06 May 2011

The Tornado

I lived in Alabama for a long time.  My whole life, up until I moved across the country (for reasons that I cannot remember, and that I'm not sure I even knew at that time).  My home state gets its fair share of bad weather, and some of the clearest memories I have are the times spent staring at the television, wondering how long it would be before the tornado sirens started blaring.  I think I learned how to read a weather map about the same time I learned my multiplication tables.

I don't remember much about kindergarten, but I can still smell the wax used to polish the floors, and feel the coolness of the wood against the backs of my legs the first time the weather forced me to sit, Indian-style, in the hallway, arms folded to protect my face, while the wind howled outside and our teachers comforted us.

My friend, Staci, and I were in New Orleans buying her wedding gown when we first heard that Katrina had turned and was projected to hit Louisiana.  Both our mothers began calling ceaselessly until we assured them that we were in her car, headed back to Tuscaloosa.  Hurricanes in the Gulf beget tornadoes farther inland, and Katrina proved no exception.  Staci and I rode out the storm at my house in Northport, crammed for a while in my tiny guest bathroom -- because Alabama children are taught young that when bad weather heads your way, you set up camp in the center of your house, away from windows and doors.  I was in law school at the time, and my whole life was inside my laptop.  I wrapped it in some trash bags and put it in the dryer, reasoning that even if one of the pine trees in my backyard came through the roof, the double layer of protection would insure against water damage.  It's crazy what you start to prioritize as you come to terms with the idea of a tornado actually hitting your home. 

Thanks to James Spann and a lot of prayer, we got through just fine and were only minorly inconvenienced by an 8-hour power outage.  As everyone knows, thousands and thousands and thousands of people were not as lucky.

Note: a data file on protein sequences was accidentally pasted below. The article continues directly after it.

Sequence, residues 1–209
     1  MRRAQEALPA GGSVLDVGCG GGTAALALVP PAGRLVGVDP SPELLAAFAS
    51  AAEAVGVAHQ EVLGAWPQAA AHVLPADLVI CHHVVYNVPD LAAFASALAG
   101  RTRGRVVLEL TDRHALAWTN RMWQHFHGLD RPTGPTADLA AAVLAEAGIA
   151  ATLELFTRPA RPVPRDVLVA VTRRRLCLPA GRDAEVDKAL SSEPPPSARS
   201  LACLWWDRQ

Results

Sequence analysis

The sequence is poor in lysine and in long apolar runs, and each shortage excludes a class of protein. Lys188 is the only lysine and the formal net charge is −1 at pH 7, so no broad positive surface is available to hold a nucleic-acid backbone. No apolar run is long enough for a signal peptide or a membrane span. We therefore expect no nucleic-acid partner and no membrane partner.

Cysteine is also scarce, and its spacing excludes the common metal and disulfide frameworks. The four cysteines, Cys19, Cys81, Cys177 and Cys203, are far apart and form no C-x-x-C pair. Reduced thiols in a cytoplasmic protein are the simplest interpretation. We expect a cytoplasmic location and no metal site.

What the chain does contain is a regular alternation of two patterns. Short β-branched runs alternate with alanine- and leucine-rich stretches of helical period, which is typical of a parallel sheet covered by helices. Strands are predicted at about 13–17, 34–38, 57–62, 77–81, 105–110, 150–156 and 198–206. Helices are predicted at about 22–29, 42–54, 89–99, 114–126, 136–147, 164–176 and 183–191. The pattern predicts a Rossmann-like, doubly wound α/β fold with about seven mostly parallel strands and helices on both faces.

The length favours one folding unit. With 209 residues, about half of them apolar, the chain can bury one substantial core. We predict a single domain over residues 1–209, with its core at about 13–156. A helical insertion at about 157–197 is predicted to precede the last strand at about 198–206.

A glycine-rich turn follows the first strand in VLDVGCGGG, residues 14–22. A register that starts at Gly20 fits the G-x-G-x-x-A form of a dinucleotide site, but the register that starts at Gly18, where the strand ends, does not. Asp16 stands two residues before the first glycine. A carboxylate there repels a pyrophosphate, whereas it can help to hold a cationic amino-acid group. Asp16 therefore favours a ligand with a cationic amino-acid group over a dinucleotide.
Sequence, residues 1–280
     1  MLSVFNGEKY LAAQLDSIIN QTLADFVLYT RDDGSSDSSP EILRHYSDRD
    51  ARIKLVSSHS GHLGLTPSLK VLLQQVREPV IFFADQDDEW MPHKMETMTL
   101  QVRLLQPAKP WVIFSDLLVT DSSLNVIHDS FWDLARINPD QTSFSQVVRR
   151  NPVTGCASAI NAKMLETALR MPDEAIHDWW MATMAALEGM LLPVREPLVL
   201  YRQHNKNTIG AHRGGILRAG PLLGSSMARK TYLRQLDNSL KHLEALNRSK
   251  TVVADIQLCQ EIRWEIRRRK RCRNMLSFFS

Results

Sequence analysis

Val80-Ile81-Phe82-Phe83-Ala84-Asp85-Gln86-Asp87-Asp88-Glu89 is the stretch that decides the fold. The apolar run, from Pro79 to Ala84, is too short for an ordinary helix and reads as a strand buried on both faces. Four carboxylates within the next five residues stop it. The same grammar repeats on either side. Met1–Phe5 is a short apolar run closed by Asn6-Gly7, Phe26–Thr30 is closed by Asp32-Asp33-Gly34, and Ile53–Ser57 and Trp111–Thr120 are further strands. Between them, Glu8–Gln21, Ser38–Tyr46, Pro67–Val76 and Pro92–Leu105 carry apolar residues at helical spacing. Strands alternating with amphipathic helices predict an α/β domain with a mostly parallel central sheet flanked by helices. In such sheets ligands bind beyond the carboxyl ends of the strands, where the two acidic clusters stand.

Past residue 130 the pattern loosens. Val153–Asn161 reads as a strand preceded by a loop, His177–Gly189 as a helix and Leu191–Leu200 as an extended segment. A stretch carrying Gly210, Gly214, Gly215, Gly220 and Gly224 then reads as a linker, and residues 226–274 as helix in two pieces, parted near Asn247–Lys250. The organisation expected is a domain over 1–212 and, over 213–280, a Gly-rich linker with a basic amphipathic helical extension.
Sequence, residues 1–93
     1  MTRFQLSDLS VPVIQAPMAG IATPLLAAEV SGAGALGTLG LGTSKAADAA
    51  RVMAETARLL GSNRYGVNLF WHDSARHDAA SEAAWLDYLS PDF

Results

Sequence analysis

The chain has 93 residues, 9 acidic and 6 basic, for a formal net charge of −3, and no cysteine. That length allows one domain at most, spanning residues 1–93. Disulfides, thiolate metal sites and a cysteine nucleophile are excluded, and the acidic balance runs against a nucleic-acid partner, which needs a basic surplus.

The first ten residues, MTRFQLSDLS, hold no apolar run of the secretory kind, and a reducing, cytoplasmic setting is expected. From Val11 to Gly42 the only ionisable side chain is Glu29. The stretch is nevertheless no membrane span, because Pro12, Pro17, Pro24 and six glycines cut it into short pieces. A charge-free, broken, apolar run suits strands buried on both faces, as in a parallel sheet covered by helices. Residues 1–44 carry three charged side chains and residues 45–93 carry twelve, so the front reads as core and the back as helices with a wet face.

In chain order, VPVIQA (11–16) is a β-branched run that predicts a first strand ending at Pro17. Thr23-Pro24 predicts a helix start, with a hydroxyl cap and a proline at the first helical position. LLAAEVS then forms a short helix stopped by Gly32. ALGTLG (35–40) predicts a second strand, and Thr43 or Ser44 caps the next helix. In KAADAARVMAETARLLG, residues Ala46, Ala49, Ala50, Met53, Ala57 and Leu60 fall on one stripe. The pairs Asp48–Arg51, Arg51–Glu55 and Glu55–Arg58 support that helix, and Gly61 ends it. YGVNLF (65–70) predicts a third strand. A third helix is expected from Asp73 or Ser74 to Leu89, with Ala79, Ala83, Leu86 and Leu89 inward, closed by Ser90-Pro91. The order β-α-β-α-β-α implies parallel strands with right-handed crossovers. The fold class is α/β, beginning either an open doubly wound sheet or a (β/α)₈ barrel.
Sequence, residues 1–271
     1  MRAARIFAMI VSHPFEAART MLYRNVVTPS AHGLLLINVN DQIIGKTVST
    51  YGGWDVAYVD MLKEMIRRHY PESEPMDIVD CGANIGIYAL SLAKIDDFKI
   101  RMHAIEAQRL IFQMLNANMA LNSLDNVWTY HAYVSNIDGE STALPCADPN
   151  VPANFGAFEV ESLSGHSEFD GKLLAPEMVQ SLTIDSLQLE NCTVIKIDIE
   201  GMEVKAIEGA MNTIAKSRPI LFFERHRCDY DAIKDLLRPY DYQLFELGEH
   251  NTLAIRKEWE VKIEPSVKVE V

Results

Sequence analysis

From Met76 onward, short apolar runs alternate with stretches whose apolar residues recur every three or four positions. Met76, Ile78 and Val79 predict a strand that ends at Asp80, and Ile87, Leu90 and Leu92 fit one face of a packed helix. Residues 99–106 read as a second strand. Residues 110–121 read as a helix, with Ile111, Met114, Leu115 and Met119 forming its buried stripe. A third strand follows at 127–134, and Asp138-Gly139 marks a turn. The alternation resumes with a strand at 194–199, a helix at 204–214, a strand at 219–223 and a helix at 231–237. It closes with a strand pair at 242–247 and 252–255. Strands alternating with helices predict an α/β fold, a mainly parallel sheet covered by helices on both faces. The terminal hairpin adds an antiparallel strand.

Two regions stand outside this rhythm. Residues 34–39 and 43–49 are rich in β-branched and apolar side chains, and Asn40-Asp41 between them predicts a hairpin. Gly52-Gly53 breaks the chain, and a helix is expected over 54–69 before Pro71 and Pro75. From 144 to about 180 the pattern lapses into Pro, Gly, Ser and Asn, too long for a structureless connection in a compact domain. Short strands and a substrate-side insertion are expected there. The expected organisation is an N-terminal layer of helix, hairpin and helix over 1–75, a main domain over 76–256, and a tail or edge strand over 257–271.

I, and hundreds of other students, spent the subsequent weeks volunteering -- collecting canned goods, serving food, doing anything we could to keep ourselves busy and make the displaced hurricane victims just a little more comfortable.  Students from Tulane and other NOLA schools moved to town and became our classmates and roommates for a semester, and our friends for a lifetime.  We all seemed to feel helpless individually, but we took solace in the fact that together, maybe we could accomplish something.

It's the helplessness that grips me now.

Here I am, thousands of miles and four states away from Tuscaloosa, which was my home for seven years.  I see photos, and I hear stories, and I am just so sad.  The years I spent in Tuscaloosa are easily some of the funnest, most precious parts of my life, and the friends I made there are still among the people I hold most dear.  To see the city destroyed, and then to be too far away to help rebuild it -- well, it frankly sucks.  Writing a check or buying a t-shirt just does not leave me with the same sense of having helped anybody, and though I've done both, I wish more than anything that I could do more.

Parts of Choctaw County, where I grew up, were just leveled.  My dad likened it to having a vacuum cleaner run loose through the woods, 200-year old oak trees splintered like twigs along the way.  My mom told me that today alone, my home church (First Assembly of God) fed nearly 150 people who had been affected by the tornadoes there.  To put that in perspective, the entire population of Choctaw County hovers around 15,000.  And they fed 150 on a. single. day.

On a brighter note, I am proud.  I'm proud of the resilience shown by so many of my fellow Alabamians.  Their unwavering hope and faith that everything will get back to normal.  Their untiring work, not only for themselves and their neighbors, but for people they don't even know.  For all the people harboring negative impressions about the South, I believe that when they read the NY Times, or listen to a story on NPR, or watch CNN to see the latest news about the storm damage, what they see will be our fierce determination, our dedication to our neighbors in need, and our satisfaction in having gathered together to help ourselves.  And they will see that even in the face of adversity and death and destruction, our spirit not only survives, but thrives.


  1. Beautiful....and not just because I am a featured participant. I feel much the same way being so far away and am scared about what I will see when I am there in 2 weeks.

  2. I'm scared for you, although it's comforting to me that you'll be visiting soon. I won't be back until December, and that's been a very painful part of this experience. What a pair we were...I'm not sure either of us was particularly calm or comforting for the other, but at least we kept each other company as we panicked. ;-) xo